Learning About War by Watching Movies

by Bill Murphy Jr.
Originally Published: 

A very successful entrepreneur—a woman, which matters for this story—once told me that starting companies is like childbirth. It’s incredibly painful, but ultimately rewarding, and if anyone could remember it accurately nobody would do it twice.

I’ve wondered sometimes if combat might share a similar characteristic—at least the part about being difficult to recall accurately. It’s an experience so unusual in the course of a human life that it’s hard to remember for sure what happened, let alone describe to those who have never gone through it.

Most Americans get their view of war from movies and popular entertainment (maybe to a lesser extent, books). These necessarily present an incomplete view. You can’t smell the stench or feel the cold or heat; you can’t understand how hard it can be to stay focused for hours on end—even when a lack of focus can prove fatal. Making matters even more difficult is the fact that most movies about war get big details wrong. Talk with a veteran and he or she will gripe about how the lead characters in Pearl Harbor manage to be in nearly every aerial battle of World War II, or how the protagonists in The Hurt Locker charge all over Iraq heedless of any real-life concerns for safety or working with their unit. (Don’t get a veteran started on how rarely movies and TV shows get smaller points correct—like military weapons, uniforms and customs.)

That said, there are quite a few films that do get it right—accurately portraying at least their narrow perspectives on the war. Here are some of the best examples.

1. Band of Brothers


Based on the true story of Easy Company in Europe in World War II, Band of Brothers might just be the best and most accurate war movie—actually an HBO miniseries—ever made. That’s partly because of its length (10 episodes), and partly because it’s based on an exhaustive (if slightly controversial) history by Stephen Ambrose.

(Unfortunately, just about every YouTube video from this miniseries disallows embedding, but if you haven’t seen it, you could do worse than to start with the episode in which the protagonists parachute into France on D-Day.)

2. Saving Private Ryan

This is the first of the big hyper-realistic war movies of the last 20 years or so, and its opening scene on the beaches of Normandy is jarring the first time you see it. That said, the movie does suffer from what you might think of as Titanic syndrome—making up a fake story in the midst of so much real drama.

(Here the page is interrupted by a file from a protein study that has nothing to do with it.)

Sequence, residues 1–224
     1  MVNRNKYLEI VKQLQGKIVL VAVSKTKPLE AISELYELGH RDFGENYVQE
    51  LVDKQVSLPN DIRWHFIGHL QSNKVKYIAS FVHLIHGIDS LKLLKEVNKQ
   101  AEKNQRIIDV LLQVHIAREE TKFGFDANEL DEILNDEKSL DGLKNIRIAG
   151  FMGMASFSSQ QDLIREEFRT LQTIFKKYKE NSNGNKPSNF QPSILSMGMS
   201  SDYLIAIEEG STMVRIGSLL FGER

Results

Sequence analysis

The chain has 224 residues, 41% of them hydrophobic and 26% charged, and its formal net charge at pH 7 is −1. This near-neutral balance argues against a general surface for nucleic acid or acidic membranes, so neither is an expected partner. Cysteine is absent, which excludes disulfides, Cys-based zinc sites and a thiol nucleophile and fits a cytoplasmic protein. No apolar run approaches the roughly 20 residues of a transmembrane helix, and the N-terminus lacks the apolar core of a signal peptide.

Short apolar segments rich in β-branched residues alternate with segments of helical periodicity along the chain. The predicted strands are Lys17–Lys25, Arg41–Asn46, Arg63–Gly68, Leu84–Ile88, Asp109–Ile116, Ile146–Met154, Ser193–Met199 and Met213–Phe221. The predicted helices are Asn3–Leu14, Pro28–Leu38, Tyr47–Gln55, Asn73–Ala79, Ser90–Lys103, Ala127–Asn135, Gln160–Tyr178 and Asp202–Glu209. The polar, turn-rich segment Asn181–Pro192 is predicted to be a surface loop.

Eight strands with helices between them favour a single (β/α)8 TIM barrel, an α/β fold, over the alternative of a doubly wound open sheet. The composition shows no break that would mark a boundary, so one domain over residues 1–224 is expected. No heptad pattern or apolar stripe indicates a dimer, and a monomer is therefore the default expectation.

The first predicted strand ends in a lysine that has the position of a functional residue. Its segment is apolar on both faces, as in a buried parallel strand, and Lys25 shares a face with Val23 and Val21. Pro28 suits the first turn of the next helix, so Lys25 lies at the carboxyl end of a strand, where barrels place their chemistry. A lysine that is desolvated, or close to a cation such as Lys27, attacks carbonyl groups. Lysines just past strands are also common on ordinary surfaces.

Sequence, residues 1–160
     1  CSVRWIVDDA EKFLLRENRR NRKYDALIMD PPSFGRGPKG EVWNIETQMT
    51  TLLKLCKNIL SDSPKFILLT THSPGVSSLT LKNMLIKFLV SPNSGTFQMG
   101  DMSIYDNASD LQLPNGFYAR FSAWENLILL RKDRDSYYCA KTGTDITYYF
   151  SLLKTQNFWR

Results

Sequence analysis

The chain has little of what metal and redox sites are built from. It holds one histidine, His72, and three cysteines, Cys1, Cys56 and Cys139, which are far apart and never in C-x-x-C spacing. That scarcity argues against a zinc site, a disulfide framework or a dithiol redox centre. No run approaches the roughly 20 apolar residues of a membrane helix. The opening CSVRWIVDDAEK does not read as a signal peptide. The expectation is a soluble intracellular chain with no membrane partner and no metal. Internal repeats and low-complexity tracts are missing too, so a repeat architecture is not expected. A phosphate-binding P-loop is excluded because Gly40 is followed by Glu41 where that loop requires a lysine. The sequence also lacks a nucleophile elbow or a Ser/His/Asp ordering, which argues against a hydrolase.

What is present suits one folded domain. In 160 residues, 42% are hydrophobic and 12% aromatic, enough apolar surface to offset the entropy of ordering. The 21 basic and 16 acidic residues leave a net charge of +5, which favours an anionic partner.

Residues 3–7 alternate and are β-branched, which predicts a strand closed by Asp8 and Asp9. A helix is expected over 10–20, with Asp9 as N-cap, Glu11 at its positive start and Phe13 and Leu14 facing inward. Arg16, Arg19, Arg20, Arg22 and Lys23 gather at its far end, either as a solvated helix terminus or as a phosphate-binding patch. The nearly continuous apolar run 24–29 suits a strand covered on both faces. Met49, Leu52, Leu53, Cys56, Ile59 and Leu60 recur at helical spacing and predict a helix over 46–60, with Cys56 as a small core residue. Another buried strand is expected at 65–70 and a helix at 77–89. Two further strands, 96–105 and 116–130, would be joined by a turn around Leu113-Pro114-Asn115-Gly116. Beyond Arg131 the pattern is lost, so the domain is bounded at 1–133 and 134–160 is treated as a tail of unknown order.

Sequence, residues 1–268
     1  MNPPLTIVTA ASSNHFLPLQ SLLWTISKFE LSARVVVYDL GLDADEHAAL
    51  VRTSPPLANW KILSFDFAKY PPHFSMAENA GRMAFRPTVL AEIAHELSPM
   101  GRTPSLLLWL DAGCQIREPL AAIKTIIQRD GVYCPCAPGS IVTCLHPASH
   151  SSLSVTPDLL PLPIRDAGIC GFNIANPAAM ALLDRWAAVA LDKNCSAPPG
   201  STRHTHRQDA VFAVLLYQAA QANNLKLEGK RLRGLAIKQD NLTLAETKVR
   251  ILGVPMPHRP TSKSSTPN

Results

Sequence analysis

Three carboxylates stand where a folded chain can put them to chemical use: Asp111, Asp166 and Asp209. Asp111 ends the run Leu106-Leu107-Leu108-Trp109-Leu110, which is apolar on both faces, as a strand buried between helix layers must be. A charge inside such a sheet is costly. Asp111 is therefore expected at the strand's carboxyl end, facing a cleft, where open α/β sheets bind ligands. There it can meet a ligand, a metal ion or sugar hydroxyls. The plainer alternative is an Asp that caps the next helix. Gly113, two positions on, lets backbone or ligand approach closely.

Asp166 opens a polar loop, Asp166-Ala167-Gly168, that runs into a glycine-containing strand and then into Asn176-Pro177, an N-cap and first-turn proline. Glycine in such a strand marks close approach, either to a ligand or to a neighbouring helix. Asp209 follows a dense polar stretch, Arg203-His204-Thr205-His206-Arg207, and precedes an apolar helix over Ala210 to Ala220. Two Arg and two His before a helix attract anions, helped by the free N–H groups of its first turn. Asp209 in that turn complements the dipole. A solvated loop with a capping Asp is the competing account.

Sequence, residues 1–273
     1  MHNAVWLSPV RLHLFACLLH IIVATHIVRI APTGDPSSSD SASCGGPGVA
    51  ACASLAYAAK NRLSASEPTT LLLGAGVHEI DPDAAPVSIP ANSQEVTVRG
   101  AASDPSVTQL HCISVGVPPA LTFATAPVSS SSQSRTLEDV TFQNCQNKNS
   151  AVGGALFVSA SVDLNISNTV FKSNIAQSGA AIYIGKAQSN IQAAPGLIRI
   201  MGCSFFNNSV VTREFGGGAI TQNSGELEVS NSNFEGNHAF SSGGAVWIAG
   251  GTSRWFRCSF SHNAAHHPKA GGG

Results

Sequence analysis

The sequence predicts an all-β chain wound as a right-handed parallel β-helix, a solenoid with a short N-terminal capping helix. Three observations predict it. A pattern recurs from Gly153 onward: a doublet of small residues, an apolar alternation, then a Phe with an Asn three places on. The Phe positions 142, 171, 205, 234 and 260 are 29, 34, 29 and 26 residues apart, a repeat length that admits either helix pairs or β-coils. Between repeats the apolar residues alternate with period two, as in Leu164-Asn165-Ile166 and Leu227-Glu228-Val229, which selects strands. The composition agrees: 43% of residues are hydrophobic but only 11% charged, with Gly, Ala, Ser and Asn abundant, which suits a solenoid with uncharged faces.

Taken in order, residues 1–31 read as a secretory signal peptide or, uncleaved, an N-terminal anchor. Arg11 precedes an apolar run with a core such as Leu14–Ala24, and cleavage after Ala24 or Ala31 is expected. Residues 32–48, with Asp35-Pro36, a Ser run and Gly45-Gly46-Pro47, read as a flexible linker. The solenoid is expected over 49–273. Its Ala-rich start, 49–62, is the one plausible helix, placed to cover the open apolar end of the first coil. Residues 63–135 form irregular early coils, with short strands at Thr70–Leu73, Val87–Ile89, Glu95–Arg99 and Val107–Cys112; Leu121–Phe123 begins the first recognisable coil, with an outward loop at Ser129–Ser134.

3. Best Years of Their Lives

This post-World War II movie (1946) tells the story of a group of veterans returning after combat to their homes in a fictional midwestern city. Long before the phrase “post-traumatic stress disorder” was coined, this film realistically portrayed the sometimes difficult adjustment that veterans faced.

The movie costarred Harold Russell, a real-life Navy veteran who had lost both of his hands in a training accident while on active duty. Russell was given an honorary Academy Award during the 1947 Oscars for “bringing hope and courage to his fellow veterans,” only to go on during the ceremony to win the Oscar for Best Supporting Actor as well. Thus, he is the only actor in history to win two Oscars for the same role.

4. To Hell and Back

Based on the bestselling autobiography of Audie Murphy, the most decorated soldier in World War II, this 1955 movie actually starred Murphy playing himself. As a result, he had to relive on film all of the exploits, terror, and heroism he’d endured in real life.

5. Letters From Iwo Jima

In 2005-2006, Clinton Eastwood shot two films about Iwo Jima in short succession on location—Flags of Our Fathers, which largely tells the story from the U.S. point of view, and this film, from the Japanese perspective.

6. Generation Kill

Probably the first decent attempt to bring the Iraq War to film, Generation Kill is the based-on-true story of a group of RECON Marines during the invasion, including the realistic touch that the Marines wind up spending their own money on military equipment to have a shot at accomplishing their mission. I also like the fact that the Marines refer to the reporter in their midst only as “reporter”—an experience I had later in the same war.

7. Platoon

Following up on Band of Brothers, this is HBO’s second effort at portraying World War II in a miniseries. It’s a bit challenging to watch if you don’t know the story of the Marines in the Pacific War ahead of time, as it shifts focus among multiple protagonists, but it’s still compelling. (In a life-follows-art moment, an actor colleague of mine had to turn down a role in this film because his reserve unit was called up and he was sent to Iraq.)

8. Black Hawk Down

Filmed pre-9/11, released post-9/11, this film about the Battle of Mogadishu in Somalia is nevertheless the best modern war movie so far. It gets the little things right, and where it deviates it’s with good reason, like writing each character’s name on his helmet in Sharpie so the audience can keep all the characters straight.

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